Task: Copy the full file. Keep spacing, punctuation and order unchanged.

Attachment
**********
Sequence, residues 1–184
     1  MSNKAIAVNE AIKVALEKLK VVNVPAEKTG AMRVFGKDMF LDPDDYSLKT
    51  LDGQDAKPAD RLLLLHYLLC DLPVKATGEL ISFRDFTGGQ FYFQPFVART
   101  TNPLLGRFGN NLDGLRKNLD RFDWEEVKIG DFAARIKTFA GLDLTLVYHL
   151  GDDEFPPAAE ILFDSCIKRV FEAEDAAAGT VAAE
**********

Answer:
Sequence, residues 1–184
     1  MSNKAIAVNE AIKVALEKLK VVNVPAEKTG AMRVFGKDMF LDPDDYSLKT
    51  LDGQDAKPAD RLLLLHYLLC DLPVKATGEL ISFRDFTGGQ FYFQPFVART
   101  TNPLLGRFGN NLDGLRKNLD RFDWEEVKIG DFAARIKTFA GLDLTLVYHL
   151  GDDEFPPAAE ILFDSCIKRV FEAEDAAAGT VAAE